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Architecture of the Management Console

When an IT organization deploys Mule ESB to production, the operations staff must be able to manage and monitor the ESB infrastructure and related services. Each additional system, application, or service introduced into the infrastructure increases the level of complexity, along with the need for visibility into and control over system performance and up-time.

Using the Mule ESB management console, you can manage all Mule ESB instances as well as deployed application bundles. The management console provides a centralized, convenient, and intuitive web-based interface to monitor, manage, and administer the run-time aspects of your enterprise service bus. With this high-performance and secure tool, you can save time and reduce errors by quickly identifying, diagnosing, and mediating problems from a central location.

Architecture

The management console requires the following components:

  • The correct version of Mule ESB

  • The management console server

  • The management console agent

The management console is available only with the Enterprise Edition of Mule ESB and is backward compatible with previous versions of Mule ESB.

The management console communicates with Mule ESB via the Management Console Agent. This agent is a Mule application; it is automatically installed in Mule ESB 3.1.

Mule ESB Enterprise 3.3 automatically installs and interoperates with both the Management Console and the Management Console Agent.

At installation the agent bundle is placed in the Mule ESB \apps directory and is then automatically unzipped and deployed by the ESB instance at startup.

The management console can be deployed directly to Mule ESB, as happens with the evaluation distribution; however, this is not recommended for deployments where you are monitoring multiple Mule ESB instances.

Once the Mule instance is authenticated and registered with the management console server, communication is secured through the use of certificates and HTTPS. Each Mule instance can be registered with a single management console server.

The management console server is a web application packaged as a WAR file that executes from within your web container. As such, it must be correctly deployed on the container, such as by placing the WAR file in the proper location within your web container installation. For example, for an Apache Tomcat installation, you deploy the mule management console WAR (mmc.war) file using MuleSoft Tcat Server, or by copying it to the Tomcat /webapps directory.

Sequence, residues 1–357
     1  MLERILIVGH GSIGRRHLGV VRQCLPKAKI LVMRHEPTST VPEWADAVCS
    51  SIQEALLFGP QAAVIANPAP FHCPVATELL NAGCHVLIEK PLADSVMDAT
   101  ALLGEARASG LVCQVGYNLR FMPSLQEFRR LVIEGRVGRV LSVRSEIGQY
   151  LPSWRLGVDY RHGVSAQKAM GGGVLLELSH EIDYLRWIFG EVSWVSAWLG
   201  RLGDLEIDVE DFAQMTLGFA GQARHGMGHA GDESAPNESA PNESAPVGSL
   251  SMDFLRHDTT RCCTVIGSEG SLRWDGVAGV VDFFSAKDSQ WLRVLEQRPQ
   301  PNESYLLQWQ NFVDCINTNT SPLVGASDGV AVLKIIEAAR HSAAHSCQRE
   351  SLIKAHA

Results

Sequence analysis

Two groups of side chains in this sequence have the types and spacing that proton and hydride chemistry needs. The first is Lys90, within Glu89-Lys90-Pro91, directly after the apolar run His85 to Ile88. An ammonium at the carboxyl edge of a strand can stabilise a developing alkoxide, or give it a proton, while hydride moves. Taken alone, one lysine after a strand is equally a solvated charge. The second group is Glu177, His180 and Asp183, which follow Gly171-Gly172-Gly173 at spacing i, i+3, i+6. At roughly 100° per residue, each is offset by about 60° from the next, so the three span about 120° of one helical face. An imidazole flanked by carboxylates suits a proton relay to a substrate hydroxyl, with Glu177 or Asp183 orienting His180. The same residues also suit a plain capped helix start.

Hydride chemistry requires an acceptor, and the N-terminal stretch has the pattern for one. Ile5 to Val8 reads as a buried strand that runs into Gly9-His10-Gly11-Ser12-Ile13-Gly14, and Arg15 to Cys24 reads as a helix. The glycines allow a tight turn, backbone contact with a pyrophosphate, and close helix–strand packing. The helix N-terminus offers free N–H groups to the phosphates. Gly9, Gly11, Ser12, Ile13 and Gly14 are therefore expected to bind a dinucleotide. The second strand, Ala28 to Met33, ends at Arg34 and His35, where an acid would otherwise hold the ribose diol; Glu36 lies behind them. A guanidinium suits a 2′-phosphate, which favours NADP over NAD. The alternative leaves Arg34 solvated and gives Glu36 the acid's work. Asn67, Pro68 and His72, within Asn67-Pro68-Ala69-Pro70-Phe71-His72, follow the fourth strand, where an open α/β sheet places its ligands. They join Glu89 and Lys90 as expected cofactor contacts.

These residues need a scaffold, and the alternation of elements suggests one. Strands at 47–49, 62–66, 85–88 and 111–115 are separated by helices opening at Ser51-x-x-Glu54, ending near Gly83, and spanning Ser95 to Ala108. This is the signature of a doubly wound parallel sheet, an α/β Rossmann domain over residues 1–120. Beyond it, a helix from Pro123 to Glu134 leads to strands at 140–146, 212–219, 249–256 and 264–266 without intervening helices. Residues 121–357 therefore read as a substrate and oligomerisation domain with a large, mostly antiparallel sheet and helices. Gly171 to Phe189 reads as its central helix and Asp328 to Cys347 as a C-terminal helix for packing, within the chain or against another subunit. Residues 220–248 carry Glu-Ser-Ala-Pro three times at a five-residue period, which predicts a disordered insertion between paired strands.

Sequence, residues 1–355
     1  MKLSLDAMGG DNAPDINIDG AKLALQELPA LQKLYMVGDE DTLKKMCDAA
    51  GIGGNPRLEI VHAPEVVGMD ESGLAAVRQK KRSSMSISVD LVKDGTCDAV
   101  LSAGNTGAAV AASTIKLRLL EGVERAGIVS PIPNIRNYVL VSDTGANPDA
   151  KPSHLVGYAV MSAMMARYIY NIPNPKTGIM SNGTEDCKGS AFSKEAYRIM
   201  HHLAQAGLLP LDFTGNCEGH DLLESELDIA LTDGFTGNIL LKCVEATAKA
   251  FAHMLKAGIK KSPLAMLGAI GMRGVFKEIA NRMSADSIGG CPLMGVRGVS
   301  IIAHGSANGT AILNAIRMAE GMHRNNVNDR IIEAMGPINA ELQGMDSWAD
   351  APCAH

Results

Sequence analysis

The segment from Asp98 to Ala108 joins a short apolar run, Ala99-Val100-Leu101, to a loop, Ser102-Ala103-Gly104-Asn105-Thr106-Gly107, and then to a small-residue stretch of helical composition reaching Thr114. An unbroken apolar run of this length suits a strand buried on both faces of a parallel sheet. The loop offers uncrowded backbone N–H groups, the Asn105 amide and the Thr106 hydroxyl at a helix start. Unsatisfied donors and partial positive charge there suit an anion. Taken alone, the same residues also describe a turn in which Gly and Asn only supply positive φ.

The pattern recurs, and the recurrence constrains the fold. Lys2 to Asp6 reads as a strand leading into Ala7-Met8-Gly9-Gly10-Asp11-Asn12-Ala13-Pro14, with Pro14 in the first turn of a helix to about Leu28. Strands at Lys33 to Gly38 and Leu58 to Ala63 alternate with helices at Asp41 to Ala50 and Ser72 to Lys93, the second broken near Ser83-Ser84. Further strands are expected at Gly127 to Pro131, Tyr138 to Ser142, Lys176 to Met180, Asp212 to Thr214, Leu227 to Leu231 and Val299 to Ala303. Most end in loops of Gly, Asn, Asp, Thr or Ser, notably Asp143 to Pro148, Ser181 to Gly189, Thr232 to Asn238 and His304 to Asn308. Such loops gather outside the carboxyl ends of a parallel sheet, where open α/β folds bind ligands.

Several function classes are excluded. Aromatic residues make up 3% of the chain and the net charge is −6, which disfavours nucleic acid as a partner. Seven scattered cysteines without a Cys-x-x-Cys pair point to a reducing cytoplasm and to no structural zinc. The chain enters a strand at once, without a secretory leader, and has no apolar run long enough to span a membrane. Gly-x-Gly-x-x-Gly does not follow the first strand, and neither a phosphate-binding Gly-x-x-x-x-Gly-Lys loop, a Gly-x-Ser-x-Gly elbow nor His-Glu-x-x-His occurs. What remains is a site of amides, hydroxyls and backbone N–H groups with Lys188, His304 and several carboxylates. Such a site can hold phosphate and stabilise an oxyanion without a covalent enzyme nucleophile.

Key Features

Following are key features of the management console:

Centralized management and monitoring

  • Checks the health of ESB resources and displays it in an easy-to-navigate visual interface

  • Provides intuitive charts that reveal system performance and resource consumption

  • Manages multiple runtime environments, grouped by location, business function, or other criteria

  • Defines and subscribes to Mule alerts

Fine-grained ESB control

  • Start, stop, and restart ESB resources

  • Remotely access, update, or replace any file or configuration on a Mule ESB server

  • View resource consumption and dynamically tune flows in real time

  • Dynamically configure thread pools

Enterprise-Level Security

  • Enterprise authentication (LDAP)

  • Fine-grained role based access control

  • Secure runtime communication using certificates and HTTPS

Deep diagnostics and auditing

  • View detailed information on memory utilization, threads, system resources, and server configuration

  • Audit message traffic and associated properties for both the inbound and outbound sides of flows

  • Turn flow level auditing on or off to capture just enough data to diagnose an issue without impacting performance

Intelligent alerting

  • Receive notifications when critical metrics cross thresholds

  • Monitor events at the individual server level or system level

  • Escalate alerts to administrators or an external monitoring system

  • Customize alerts using alert scripts

Flexible cluster management

  • Create, disband, or add nodes to clusters as conditions dictate

  • Monitor cluster status – get detailed information about cluster-based flows and memory usage

  • Deploy apps to a cluster for enhanced availability, scalability, and performance.

In-Depth Event visualization

  • Track key events in the flow of business transactions

  • Analyze the flow and disposition of particular messages within a business transaction

  • Drill into event data to identify failure points or bottlenecks

  • Test flows for compliance with business procedures and standards

Benefits

The management console provides the following benefits:

  • Lower management cost with group-based management and control

  • Simplify troubleshooting through quick access to the most relevant information

  • Enhanced availability, scalability, and performance through clustering

  • Improve visibility and understanding by analyzing real-time metrics that highlight significant changes

  • Increase application up-time and performance through intelligent, proactive alerting and remediation tools

  • Reduce downtime and time-to-resolution with deep diagnostics and auditing capabilities

  • Minimal impact on the runtime performance of your ESB infrastructure

  • Improve collaboration between operations and development through controlled access to runtime diagnostic information

  • Insight into key business-related events